If you intend to make fairly large-scale changes to the static display of your exhibit content, particularly in a tabular listing format, and are not comfortable making global search and replaces and HTML modifications, you may want to do most of your changes in a spreadsheet.

  1. Make sure your exhibit is using either the tile view or tabular view
  2. Make sure you are displaying all records by selecting the 'Show all XXX results' link by scrolling to the bottom of your exhibit
  3. Click on 'Copy All' at the top of your exhibit and choose 'Tab Separated Values'. A popup window will then appear with the generated code highlighted
  4. Copy this code to your clipboard as you would copy any text. Press ESC to close the dialog box
  5. Paste the code into a new text file
  6. Open the file in your spreadsheet program as a text file, and choose tab delimited
  7. Make all column deletions to result in your final content
  8. Reformat the code into an HTML table or use <div>s.

Advantages: This option is fast for large-scale changes; it avoids the poor HTML/XML generation of native spreadsheet programs

Disadvantages: Not all content is retained for indexing; requires knowledge of HTML; needs to be re-generated whenever the underlying exhibit changes.

Option #5: A Second Copy of the Original Data

Of course, you can always make a second version of your original data solely for indexing purposes.

Advantages: Does expose some content for search engine indexing

Disadvantages: Most labor-intensive option; needs to be re-generated whenever the exhibit changes; some spreadsheet programs generate messy HTML/XML.

Tips and Pointers

  • Your data may not be as self-describing as you'd like; in those instances, make sure you provide an intro section in standard HTML describing the datasets and your exhibit display
  • If you generate HTML, you will likely get some HTML fragments at the top and bottom of the generated code that should be manually edited out
  • Do not try to generate HTML from a map view or a timeline view -- it won't give you anything useful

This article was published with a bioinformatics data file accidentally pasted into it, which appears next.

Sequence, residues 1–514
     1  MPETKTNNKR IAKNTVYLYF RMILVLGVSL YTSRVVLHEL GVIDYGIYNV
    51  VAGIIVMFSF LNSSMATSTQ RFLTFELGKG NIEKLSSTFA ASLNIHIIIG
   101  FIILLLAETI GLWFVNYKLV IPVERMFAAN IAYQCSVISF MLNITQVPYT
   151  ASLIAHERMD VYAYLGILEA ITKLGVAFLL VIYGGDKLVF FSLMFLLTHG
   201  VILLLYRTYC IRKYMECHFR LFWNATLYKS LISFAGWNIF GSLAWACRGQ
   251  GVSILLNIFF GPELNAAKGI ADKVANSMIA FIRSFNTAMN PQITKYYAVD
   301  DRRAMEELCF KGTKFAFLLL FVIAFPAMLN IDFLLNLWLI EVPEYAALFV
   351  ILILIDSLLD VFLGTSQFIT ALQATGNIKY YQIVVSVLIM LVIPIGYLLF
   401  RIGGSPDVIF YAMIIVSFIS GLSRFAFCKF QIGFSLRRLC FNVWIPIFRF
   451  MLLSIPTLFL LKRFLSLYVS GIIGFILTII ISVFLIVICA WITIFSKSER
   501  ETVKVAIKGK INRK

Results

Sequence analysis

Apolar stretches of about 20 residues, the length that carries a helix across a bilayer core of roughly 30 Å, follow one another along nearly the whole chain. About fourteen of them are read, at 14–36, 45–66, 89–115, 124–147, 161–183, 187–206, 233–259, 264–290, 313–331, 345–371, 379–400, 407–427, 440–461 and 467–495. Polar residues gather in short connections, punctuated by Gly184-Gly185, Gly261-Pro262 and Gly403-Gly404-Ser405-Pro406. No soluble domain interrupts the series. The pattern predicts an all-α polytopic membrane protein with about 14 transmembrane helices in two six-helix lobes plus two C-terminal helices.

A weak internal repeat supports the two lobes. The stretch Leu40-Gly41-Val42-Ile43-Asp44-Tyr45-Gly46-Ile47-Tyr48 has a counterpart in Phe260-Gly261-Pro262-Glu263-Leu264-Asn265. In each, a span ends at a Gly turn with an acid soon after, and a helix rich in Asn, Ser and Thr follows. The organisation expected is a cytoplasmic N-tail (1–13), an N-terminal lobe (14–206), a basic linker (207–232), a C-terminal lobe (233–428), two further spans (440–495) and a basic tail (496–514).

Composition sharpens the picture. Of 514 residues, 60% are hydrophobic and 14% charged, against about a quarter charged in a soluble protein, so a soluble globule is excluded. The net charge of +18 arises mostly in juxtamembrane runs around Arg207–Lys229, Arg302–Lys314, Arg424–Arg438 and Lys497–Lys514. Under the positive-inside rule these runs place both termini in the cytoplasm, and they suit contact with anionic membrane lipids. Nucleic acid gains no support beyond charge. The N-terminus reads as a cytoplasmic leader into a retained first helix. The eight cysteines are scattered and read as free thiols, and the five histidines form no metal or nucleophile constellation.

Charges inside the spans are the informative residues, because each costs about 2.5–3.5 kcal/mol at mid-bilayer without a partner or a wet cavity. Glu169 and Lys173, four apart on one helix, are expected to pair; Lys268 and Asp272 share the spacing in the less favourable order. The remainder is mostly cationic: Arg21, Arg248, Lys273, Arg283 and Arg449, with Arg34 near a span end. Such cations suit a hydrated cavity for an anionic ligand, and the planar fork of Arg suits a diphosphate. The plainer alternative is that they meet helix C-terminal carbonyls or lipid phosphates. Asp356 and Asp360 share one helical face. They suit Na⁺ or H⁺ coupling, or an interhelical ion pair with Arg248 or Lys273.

• You may want to consider a simple table listing as a kind of a 'Table of Contents' for your separate, indexed, static version
  • You can check the crawl status of a Web site on Google by going to: https://www.google.com/webmasters/tools/sitestatus. That screen will also take you to a series of Webmaster options provided by Google (more if you can verify you are the site owner).

Empirical Googling

Google does seem to index some Javascript files, but not all. For example, the search:

site:simile-widgets.org filetype:js

seems to indicated that many of the Javascript libraries are indexed (you may need to click on the "repeat the search with the omitted results included" link to see all that have been indexed, but not JSON files with a .js extension.

This can be confirmed with the search:

"James Madison" site:simile-widgets.org filetype:js

which yields no results ("James Madison" is contained in the presidents.js JSON data file).

However, the search:

"James Madison" site:simile-widgets.org

yields as its top hit a wiki page containing a plain HTML table representation of the data in the presidents.js JSON file. High in the results is an SVN commmit log message which contains details of changes to the presidents.js JSON file.

Form this, it would seem that:

a) Google does not reliably index every files with extension .js that it finds - it seems to selectively index only some Javascript libraries.

b) If the contents of a JSON file appears as plain text (as in the SVN commit log message), then Google happily indexes it.

Also, many of the solutions suggested above muddy or destroy the very clean separation between data content (in the JSON file/s) and presentation (in the Exhibit HTML page and the Exhibit Javascript libraries that calls).

I wonder whether Google would index the JSON data files if they happened to have a different file extension? What if teh JSON data files were given .html extensions instead, and have the form:

   <html>
     ... Javascript which redirects to and plain HTML which links to the Exhibit or meta-Exhibit which use the JSON data in this file...
   <body>
     <pre tag="Exhibit JSON data">
       .... Exhibit JSON data...
     
  </body>
 </html>

</pre>

A meta-Exhibit is just an intermediate page which lists the Exhibits which rely on the JSON data in the indexed page. This may be needed because more than one Exhibit can use a single JSON data file (and v-v - it is a many-to-many relationship between Exhibit pages and JSON data files).

The other advantage of this is that Google is then indexing the contents of structured JSON file, not a semantically-diluted HTML representation of it. At some future time Google itself might be able to make use of the semantic information in the JSON data, you never know. This would seem to accord with the (laudable and noble) "hidden agenda" behind the Exhibit project.

Other Ideas?

The issues of making Exhibit "visible" to search engines has received much developer and user attention. Some of the 'Copy All' options noted above were added specifically for this purpose. Additional ideas will likely be tried out in the future.

If you have an alternative suggestion, please submit it after you are registered here.